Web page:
Photographic visions in time of the Barangaroo delivery podcast: part two

Join us in part two for our Barangaroo delivery podcast, where Tim continues his tour with us of the Barangaroo Reserve. 

To catch up on our tour through Barangaroo gardens in Sydney, please go back to part one of our podcast,

How to get to Barangaroo gardens in Sydney? Take our podcast tour

Tim tells us how there are over 75,000 plants, trees, and shrubs at Barangaroo gardens. One of his favorite trees is called the Casuarina in which he describes its protective nature and characteristics.

Barangaroo, Barangaroo reserve
An Aerial image of Barangaroo

Photo: Infrastructure NSW, an Aerial image of just some of the plantings at Barangaroo Reserve, Sydney


Looking up into the tall Sandstone monuments at Barangaroo, they feature the essence of an Australian landscape, with rocks jutting up sharply against the greenery of gum trees.

Photo: Cullen Pope, Canon EOS 550D  ƒ/81/  4000   70mm  ISO3200


Barrangaroo parks in sydney
Water splashes across the square, human-made blocks that protrude out into the dark and deep blue waters of Sydney harbour.  The waves besiege the rock sculpture which, over time, have been shaped and softened by the sea.

Photo: Cullen Pope,  ƒ/8   1/4000   208 mm   ISO3200


Native Australian trees
Bright colours explode from each tree and shrub in the mid-afternoon sun, making this a one-stop-shop for photographers wanting to challenge themselves with the many aspects of the varied landscape. The curves and crevices of the enigmatic Barangaroo formations in any light pops, sings and sparkles with the hot tropical coloured flora posing magnificently.

Photo: Cullen Pope,  ƒ/81/1600250mmISO3200ƒ/8    1/1600    250 mm   ISO3200


Canon Canon
Barangaroo, Sydney

Colours contrast in their retrospective shapes that harmoniously highlight the human-made when juxtaposed with natural forms of the surrounding vegetation.  Offering hard lines and soft, with colours that grab the eye, this is a photographer’s dream as it offers so many enticing and exciting compositional options.

Photo: Cullen Pope,   ƒ/8    1/1250     55 mm      ISO3200

Peter Walker is the American designer of  Barangaroo Reserve, one of the most foremost designers in the world. Along with the Partners Landscape Architecture (PWP), in association with Sydney-based Johnson Pilton Walker Architects and Landscape Architects, they delivered the design project as a collaborative effort.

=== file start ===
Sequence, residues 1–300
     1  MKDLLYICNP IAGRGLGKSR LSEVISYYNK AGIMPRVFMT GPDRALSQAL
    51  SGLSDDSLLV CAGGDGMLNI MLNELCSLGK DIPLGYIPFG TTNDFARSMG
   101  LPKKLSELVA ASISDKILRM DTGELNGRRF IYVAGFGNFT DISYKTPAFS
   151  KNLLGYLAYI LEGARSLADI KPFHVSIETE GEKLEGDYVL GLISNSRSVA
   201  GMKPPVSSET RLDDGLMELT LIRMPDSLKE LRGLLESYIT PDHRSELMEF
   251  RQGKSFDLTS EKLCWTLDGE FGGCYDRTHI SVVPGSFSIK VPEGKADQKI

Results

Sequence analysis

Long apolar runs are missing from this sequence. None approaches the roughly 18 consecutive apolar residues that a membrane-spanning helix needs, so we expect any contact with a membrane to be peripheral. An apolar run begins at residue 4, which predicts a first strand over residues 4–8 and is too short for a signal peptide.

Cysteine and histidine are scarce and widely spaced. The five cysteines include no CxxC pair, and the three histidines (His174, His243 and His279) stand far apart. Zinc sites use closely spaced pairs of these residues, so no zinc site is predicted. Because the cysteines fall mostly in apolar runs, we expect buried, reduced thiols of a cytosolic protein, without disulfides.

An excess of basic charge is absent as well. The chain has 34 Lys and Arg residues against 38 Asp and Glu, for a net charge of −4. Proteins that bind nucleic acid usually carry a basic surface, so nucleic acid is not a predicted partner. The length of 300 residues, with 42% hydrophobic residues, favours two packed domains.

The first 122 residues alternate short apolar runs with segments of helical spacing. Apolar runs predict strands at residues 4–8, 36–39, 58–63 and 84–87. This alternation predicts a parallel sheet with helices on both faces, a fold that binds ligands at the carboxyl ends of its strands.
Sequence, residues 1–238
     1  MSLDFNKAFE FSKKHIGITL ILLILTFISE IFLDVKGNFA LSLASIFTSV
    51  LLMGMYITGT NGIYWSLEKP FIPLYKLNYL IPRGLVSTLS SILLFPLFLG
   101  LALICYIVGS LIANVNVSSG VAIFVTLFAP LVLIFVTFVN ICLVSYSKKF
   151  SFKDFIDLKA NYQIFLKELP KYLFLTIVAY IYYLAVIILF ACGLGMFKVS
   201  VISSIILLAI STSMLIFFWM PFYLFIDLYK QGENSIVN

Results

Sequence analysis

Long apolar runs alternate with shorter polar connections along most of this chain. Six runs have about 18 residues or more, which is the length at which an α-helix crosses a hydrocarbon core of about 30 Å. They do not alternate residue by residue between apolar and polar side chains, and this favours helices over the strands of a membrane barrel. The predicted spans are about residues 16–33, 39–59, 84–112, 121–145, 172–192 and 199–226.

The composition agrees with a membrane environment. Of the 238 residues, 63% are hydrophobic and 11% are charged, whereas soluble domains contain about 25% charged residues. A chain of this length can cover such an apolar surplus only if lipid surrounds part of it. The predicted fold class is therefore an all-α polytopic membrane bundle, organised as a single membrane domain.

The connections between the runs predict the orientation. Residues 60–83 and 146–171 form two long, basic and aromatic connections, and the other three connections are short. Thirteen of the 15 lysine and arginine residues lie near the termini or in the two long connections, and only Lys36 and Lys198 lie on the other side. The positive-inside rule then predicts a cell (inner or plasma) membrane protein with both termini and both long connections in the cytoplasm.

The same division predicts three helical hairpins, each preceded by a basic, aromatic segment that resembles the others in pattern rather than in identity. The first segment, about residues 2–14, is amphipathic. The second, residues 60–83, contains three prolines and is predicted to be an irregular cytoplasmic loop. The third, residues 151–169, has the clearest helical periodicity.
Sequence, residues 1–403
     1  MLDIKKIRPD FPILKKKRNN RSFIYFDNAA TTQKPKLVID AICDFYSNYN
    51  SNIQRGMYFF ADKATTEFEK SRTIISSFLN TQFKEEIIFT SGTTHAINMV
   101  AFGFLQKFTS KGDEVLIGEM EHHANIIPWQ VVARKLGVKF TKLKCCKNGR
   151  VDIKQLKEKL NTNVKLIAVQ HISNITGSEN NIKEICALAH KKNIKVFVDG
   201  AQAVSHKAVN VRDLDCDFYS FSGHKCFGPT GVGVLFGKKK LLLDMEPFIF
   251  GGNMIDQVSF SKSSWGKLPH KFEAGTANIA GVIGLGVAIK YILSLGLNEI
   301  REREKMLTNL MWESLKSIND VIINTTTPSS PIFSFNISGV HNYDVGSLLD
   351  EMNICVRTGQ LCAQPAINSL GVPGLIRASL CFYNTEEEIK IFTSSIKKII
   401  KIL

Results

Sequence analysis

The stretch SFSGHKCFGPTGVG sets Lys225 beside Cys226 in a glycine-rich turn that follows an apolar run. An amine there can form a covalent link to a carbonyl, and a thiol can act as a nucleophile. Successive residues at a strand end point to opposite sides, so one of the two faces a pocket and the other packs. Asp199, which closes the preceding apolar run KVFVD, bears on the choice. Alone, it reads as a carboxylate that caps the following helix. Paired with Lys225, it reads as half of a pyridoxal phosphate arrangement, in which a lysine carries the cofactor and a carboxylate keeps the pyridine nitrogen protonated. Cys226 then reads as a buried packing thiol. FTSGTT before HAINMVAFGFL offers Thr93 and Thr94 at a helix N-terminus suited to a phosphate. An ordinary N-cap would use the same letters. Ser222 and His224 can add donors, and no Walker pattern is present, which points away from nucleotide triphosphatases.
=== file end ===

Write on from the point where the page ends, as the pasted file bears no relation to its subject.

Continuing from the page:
Barangaroo wharf
Barangaroo from the air

Photo: Infrastructure NSW, Barangaroo from the air in this early Aerial 2015

Moving through the gardens, we come across the Burrawang steps, which are positioned at one of the entrances. Burrawang is the aboriginal name for a local Cycad plant which was known as a poisonous plant known to the local people who knew how to extract the poison.  The plant was used to make starch, which involved soaking it in saltwater directly before eating. This process possibly took up to two days.

Le Bokeh

Dianella Shot at ƒ/8

Photo: Cullen Pope,  ƒ/8    1/640   90 mm   ISO3200

In the gardens of Barangaroo beautiful flowers abound throughout the year signalling various times to harvest: such as when certain species of fish are ripe for the gathering.  Plants and trees also provide both shelter and shade for these activities.

This bokeh image grasps the full extent of its beauty.

When Cullen asks about the kinds of visitors to the reserve, Tim replies

“We’ve had lots of schools, we’ve had lots of corporates, and we’ve had a few VIP days – we’ve had all types. Mainly locals, but we cater for everyone. We are part of the school curriculum. So, we cover the curriculum from K from kindergarten to year 12.

Salmon Flush

Hues of Salmon

A rainbow of colour sequences from yellows and purples to mossy greens transition down to the sea line and become a feature of the unique human-made tessellations.

Such an unexpected vision is a photographer’s delight against the blue of the sea.

Photo: Cullen Pope,  ƒ/8  1/2500    179 mm    ISO3200

That can also include a geography class. Which has to do with the sustainable urban renewal also connecting that with the sustainability of aboriginal culture.”